Home > Health & Research > Health Education Campaigns & Programs > Cochrane Neonatal Review > Alpha-1 proteinase inhibitor (a1PI) for preventing chronic lung disease in preterm infants

Alpha-1 proteinase inhibitor (a1PI) for preventing chronic lung disease in preterm infants

Skip sharing on social media links
Share this:

Authors

Prakeshkumar S Shah1, Arne Ohlsson2

Background - Methods - Results - Characteristics of Included Studies - References - Data Tables & Graphs


1Department of Paediatrics and Department of Health Policy, Management and Evaluation, Rm 775A, University of Toronto, Toronto, Canada [top]
2Departments of Paediatrics, Obstetrics and Gynaecology and Health Policy, Management and Evaluation, University of Toronto, Toronto, Canada [top]

Citation example: Shah PS, Ohlsson A. Alpha-1 proteinase inhibitor (a1PI) for preventing chronic lung disease in preterm infants. Cochrane Database of Systematic Reviews 2001, Issue 3. Art. No.: CD002775. DOI: 10.1002/14651858.CD002775.

Contact person

Prakeshkumar S Shah

Department of Paediatrics and Department of Health Policy, Management and Evaluation, Rm 775A
University of Toronto
600 University Avenue
Toronto Ontario M5G 1XB
Canada

E-mail: pshah@mtsinai.on.ca

Dates

Assessed as Up-to-date: 31 October 2010
Date of Search: 31 October 2010
Next Stage Expected: 29 November 2012
Protocol First Published: Issue 4, 2000
Review First Published: Issue 3, 2001
Last Citation Issue: Issue 3, 2001

What's new

Date / Event Description
29 November 2010
Updated

This review updates the existing review "Alpha-1 proteinase inhibitor (a1PI) for preventing chronic lung disease in preterm infants" published in the Cochrane Database of Systematic Reviews (Shah 2005).

Updated search in October 2010 found no new trials.

No changes to conclusions.

History

Date / Event Description
15 October 2008
Amended

Converted to new review format.

15 March 2005
Updated

This review updates the existing review of "Alpha-1 proteinase inhibitor (a1PI) for preventing chronic lung disease in preterm infants" published in The Cochrane Library, Issue 3, 2001 (Shah 2001).

The updated review has no further information as no new studies were identified.

23 April 2001
New citation: conclusions changed

Substantive amendment

Abstract

Background

Inflammation of the pulmonary parenchyma is one of the important mechanisms implicated in development of chronic lung disease (CLD) in preterm neonates.

Objectives

To evaluate the effect of alpha 1 proteinase inhibitor (a1PI) for the prevention of chronic lung disease (CLD) in preterm neonates.

Search methods

We searched the following databases: MEDLINE (1966 to February 2005), EMBASE (1980 to February 2005), CINAHL (1982 to February 2005), Cochrane Central Register of Controlled Trials (CENTRAL, The Cochrane Library, Issue 1, 2005) and abstracts from the annual meetings of the Society of Pediatric Research, American Pediatric Society and Pediatric Academic Societies published in Pediatric Research (1991 to 2004). No language restrictions were applied.

The electronic search was updated in 2010.

Selection criteria

Randomised or quasi-randomised trials of administration of a1PI compared to placebo or no treatment within the first week of life in preterm neonates.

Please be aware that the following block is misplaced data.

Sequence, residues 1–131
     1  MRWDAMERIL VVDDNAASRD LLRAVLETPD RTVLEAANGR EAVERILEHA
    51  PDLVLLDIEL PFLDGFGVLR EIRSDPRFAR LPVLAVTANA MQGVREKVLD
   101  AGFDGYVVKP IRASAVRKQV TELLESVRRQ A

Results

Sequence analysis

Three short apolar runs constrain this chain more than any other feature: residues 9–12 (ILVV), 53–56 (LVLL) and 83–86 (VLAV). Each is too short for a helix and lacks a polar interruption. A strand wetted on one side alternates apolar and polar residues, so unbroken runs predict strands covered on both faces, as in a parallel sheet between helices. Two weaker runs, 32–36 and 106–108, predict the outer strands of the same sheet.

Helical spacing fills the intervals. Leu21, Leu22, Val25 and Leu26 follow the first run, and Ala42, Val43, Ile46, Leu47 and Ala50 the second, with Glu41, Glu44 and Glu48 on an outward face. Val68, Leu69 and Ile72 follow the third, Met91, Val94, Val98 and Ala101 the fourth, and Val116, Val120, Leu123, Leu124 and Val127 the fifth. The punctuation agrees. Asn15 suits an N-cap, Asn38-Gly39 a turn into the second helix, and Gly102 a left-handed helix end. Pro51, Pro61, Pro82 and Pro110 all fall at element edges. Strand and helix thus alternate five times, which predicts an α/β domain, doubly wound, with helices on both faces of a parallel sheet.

Data collection and analysis

Data collection and analysis was performed in accordance with the methods of the Cochrane Neonatal Review Group.

Results

Two eligible studies were identified. The methodological qualities of identified studies were good. One study randomised infants to either placebo or a1PI 60 mg/kg/dose for four doses while in the second study the same investigators explored the efficacy of different dose regimens of a1PI compared to placebo. There was no statistically significant difference in the risk of developing CLD at 36 weeks postmenstrual age among all randomised infants at any dose of a1PI (pooled RR 0.79, 95% CI 0.44 to 1.41) or when given 60 mg/kg/dose for four doses compared to placebo (pooled RR 0.64, 95% CI 0.35 to 1.18).

There was a trend towards reduced risk of development of oxygen dependency at 28 days postnatal age for 60 mg/kg/dose for four doses of a1PI compared to placebo. When any doses of a1PI were combined, the pooled RR was statistically significant [RR 0.80 (95% CI 0.65 to 0.98); RD -0.15 (95 % CI -0.29 to -0.01)].

Treatment with a1PI did not reduce the risk of CLD and/or death at 36 weeks postmenstrual age or the risk of long term neurodevelopmental abnormalities. In addition, no statistically significant difference was noted in other respiratory parameters such as duration of oxygen requirement or respiratory support.

Authors' conclusions

Prophylactic administration of a1PI did not reduce the risk of CLD at 36 weeks or long term adverse developmental outcomes in preterm neonates.

Plain language summary

Alpha-1 proteinase inhibitor (a1PI) for preventing chronic lung disease in preterm infants

There is not enough evidence to show the long term effect of using Alpha-1 proteinase inhibitor for chronic lung disease in premature babies. Inflammation of the lungs is one of the causes of chronic lung disease (CLD) in babies born before 37 weeks. Babies with CLD need extra oxygen and the disease can also cause serious long-term problems. Lung damage is caused by the release of enzymes and other anti-oxidants because babies with CLD have a low level of Alpha-1 proteinase inhibitor (a1P1), a substance that stops lung tissue being destroyed. A medication version of AlP1 is sometimes given to protect their lungs. The review of the trials found that there is not enough evidence to show long term beneficial effects of a1P1. More research is needed.